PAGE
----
Cantwell was the subject of a Vice documentary about the white-supremacist Unite The Right marches in Charlottesville, Virginia, over the past weekend, where he offered numerous racist and threatening comments while acting as a march organizer and riding in a car alongside former KKK Grand Wizard David Duke. (“We’re not non-violent,” Cantwelloffered at one point in the documentary. “We’ll fucking kill these people if we fucking have to.”)

In announcing this ban,OKC alsoasked its users to be vigilant about any other active members of hate groups found on the site. “If any OkCupid members come across people involved in hate groups, please report it immediately,” the company wrote on its Twitter page. The tweet linked to the company’s official “feedback” site.

On OkCupid, Cantwell wentby the handle “ItsChris603” where he described himself as “a professional podcaster and writer specializing in controversial political satire” who specifically sought only”white” women. His dating profile did not contain statements anywhere near as sensational as those in the Vice documentary, though in a section titled,”I spend a lot of time thinking about,” Cantwell wrotethe following: “Getting married, and how to stop the Democrat party from destroying Western Civilization.” (A 2015 archiveof his dating profile is different, as it containsa shout-out to Ayn Rand’s Atlas Shrugged and a declaration that “I will make you laugh at things you might feel guilty laughing about, which is my favorite kind of laughter.”)

Cantwell’s OkCupid profiles look remarkably different fromonewritten by theSouthern Poverty Law Center, which describes him as “an unapologetic fascist who spews white nationalist propaganda with a libertarian spin” (and with many citations).

OkCupid’s media relations team actively approached news outlets at the moment the company announced the ban, including Gizmodo, whichpublished a statement from OKCupid CEOElie Seidma: “We make a lot of decisions every day that are tough. Banning Christopher Cantwell was not one of them.”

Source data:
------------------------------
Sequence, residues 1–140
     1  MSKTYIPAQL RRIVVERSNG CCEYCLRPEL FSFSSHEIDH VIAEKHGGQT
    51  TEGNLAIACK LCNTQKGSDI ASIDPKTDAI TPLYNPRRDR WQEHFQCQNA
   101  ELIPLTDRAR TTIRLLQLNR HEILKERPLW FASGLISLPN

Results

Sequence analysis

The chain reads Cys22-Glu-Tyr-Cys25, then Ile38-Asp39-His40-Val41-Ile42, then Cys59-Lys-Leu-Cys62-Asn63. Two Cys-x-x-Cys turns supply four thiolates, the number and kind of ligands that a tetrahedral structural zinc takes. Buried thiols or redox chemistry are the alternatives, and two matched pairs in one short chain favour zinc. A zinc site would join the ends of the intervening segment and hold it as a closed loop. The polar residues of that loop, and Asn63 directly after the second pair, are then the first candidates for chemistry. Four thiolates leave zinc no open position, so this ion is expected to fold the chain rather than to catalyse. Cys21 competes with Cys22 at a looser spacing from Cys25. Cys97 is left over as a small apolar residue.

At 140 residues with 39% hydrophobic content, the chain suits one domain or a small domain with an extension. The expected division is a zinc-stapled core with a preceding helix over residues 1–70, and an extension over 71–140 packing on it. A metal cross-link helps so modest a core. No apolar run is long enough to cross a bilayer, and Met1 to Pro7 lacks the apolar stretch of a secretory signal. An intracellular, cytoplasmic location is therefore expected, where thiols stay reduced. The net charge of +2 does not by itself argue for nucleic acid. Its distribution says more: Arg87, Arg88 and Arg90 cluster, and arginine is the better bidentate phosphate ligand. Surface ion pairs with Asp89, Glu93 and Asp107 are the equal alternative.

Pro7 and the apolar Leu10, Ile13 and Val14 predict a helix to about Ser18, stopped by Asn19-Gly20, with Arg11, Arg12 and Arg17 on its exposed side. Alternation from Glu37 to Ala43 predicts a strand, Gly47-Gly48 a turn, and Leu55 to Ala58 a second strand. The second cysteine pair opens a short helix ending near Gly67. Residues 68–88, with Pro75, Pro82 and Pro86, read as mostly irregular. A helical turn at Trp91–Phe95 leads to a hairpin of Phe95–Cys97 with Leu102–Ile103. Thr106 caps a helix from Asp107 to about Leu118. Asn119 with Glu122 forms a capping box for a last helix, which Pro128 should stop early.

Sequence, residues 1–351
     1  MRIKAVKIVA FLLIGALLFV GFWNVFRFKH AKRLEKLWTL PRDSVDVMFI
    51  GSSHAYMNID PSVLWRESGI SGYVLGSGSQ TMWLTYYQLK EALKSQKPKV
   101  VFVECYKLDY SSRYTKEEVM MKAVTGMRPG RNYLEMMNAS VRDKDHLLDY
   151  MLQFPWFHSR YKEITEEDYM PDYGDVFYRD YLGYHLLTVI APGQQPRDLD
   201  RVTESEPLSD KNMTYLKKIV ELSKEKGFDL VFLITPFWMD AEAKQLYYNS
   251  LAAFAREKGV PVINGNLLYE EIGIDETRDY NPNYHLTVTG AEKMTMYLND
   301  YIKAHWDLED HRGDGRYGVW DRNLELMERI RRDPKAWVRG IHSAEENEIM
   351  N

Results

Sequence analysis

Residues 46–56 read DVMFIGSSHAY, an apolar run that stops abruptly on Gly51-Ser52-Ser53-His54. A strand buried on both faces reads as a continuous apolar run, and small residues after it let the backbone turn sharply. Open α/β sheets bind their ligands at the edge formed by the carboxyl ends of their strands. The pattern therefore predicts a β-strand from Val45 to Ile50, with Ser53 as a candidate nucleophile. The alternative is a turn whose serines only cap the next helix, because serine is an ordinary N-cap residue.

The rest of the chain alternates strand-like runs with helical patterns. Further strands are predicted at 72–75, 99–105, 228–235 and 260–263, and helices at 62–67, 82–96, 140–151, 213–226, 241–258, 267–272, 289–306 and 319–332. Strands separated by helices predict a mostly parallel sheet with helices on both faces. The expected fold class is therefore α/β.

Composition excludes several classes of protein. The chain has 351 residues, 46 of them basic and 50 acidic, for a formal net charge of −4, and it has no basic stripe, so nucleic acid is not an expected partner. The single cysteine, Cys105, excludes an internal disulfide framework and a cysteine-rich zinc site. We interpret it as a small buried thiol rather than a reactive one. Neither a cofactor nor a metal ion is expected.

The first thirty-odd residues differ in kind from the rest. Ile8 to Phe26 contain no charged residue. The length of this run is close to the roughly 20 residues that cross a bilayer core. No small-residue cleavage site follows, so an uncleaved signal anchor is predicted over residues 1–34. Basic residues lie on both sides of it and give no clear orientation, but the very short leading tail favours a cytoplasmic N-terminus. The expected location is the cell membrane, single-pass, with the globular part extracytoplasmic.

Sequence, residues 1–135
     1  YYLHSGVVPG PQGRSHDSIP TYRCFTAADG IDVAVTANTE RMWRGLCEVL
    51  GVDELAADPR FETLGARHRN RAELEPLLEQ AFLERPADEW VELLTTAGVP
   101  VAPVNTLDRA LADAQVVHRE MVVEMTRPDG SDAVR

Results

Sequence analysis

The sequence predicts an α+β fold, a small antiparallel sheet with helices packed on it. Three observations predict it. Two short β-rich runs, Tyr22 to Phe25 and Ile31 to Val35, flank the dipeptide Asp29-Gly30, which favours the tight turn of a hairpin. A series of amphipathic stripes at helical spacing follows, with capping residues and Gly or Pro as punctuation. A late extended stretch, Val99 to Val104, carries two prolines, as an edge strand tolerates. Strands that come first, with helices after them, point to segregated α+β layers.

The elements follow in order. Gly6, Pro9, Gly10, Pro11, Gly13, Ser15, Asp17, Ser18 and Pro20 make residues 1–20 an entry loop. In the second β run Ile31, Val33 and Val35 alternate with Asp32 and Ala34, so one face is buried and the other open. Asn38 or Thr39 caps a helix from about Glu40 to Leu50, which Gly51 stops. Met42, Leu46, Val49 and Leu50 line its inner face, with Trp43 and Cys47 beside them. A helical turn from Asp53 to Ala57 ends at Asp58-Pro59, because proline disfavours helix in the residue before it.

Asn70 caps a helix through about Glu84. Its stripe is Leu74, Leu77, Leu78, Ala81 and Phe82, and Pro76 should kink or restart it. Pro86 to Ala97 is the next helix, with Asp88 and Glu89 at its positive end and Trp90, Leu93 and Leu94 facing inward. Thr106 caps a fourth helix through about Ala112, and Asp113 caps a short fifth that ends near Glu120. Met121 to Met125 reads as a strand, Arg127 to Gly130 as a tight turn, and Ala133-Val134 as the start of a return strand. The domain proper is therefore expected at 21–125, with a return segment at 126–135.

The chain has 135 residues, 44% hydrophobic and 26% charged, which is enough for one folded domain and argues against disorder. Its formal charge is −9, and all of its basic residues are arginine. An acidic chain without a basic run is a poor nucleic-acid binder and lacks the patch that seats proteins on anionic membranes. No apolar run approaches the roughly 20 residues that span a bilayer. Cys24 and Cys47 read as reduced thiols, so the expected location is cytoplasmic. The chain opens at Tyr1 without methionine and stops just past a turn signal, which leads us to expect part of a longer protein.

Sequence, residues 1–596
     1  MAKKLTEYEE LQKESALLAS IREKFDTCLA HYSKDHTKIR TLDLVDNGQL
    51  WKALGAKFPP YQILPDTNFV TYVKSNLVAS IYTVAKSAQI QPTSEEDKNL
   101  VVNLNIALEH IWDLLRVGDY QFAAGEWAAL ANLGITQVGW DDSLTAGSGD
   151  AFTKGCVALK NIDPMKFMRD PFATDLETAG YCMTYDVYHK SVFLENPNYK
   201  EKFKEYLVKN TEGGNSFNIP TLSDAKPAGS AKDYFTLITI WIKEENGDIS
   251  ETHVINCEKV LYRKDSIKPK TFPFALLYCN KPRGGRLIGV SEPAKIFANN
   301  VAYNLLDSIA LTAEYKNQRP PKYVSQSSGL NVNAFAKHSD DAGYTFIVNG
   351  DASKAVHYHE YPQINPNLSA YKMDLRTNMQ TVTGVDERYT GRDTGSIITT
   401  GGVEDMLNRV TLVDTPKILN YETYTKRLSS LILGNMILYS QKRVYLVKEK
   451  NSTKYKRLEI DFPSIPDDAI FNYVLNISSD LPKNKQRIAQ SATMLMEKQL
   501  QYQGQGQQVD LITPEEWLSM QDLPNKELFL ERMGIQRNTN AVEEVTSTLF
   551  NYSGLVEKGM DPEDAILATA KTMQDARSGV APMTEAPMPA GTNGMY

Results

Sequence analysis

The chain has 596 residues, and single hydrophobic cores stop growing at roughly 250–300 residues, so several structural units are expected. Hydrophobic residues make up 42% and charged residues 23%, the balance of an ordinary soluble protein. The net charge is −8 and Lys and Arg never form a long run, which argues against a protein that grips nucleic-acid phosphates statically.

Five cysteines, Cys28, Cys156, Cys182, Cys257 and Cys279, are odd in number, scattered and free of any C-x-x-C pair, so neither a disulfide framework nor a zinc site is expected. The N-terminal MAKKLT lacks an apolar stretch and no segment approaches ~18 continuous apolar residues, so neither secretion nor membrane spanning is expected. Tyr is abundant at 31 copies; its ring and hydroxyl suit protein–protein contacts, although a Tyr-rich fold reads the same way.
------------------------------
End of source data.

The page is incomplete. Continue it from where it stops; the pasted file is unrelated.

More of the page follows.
In that same report, Gizmodo went to the trouble of rifling through Cantwell’s Internet history to find his own “dating advice for the ladies” post that revolved around his use of OkCupid; this post included a “tip” to women that simply said, “In a photo of you and a friend, I assume you are the ugly one.” Cantwell has since deleted that and similarposts from his personal site.

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OkCupid bans white supremacist for life, asks daters to report others – Ars Technica

Randy Bryce is More Than A Mustache – Common Dreams


Common Dreams
Randy Bryce is More Than A Mustache
Common Dreams
He gives copies of Atlas Shrugged as Christmas gifts, he has said, and makes all of his interns read it. Individualism is the through-line of Ryan's entire legislative agenda, including his draconian budgets that attempted to slash social programs that

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Randy Bryce is More Than A Mustache – Common Dreams

As a Guru, Ayn Rand May Have Limits. Ask Travis Kalanick. – New York Times

But lately, many Rand devotees have been running into trouble. Travis Kalanicks abrupt departure as chief executive of Uber, the Internet-based ride-hailing service he built into a private corporation worth $50 billion or more, is the latest Icarus-like plunge of a prominent executive identified with Rand.

The hedge fund manager Edward S. Lampert, who some say has applied Rands Objectivist principles to the management of Sears and Kmart, has driven those venerable retailers close to bankruptcy.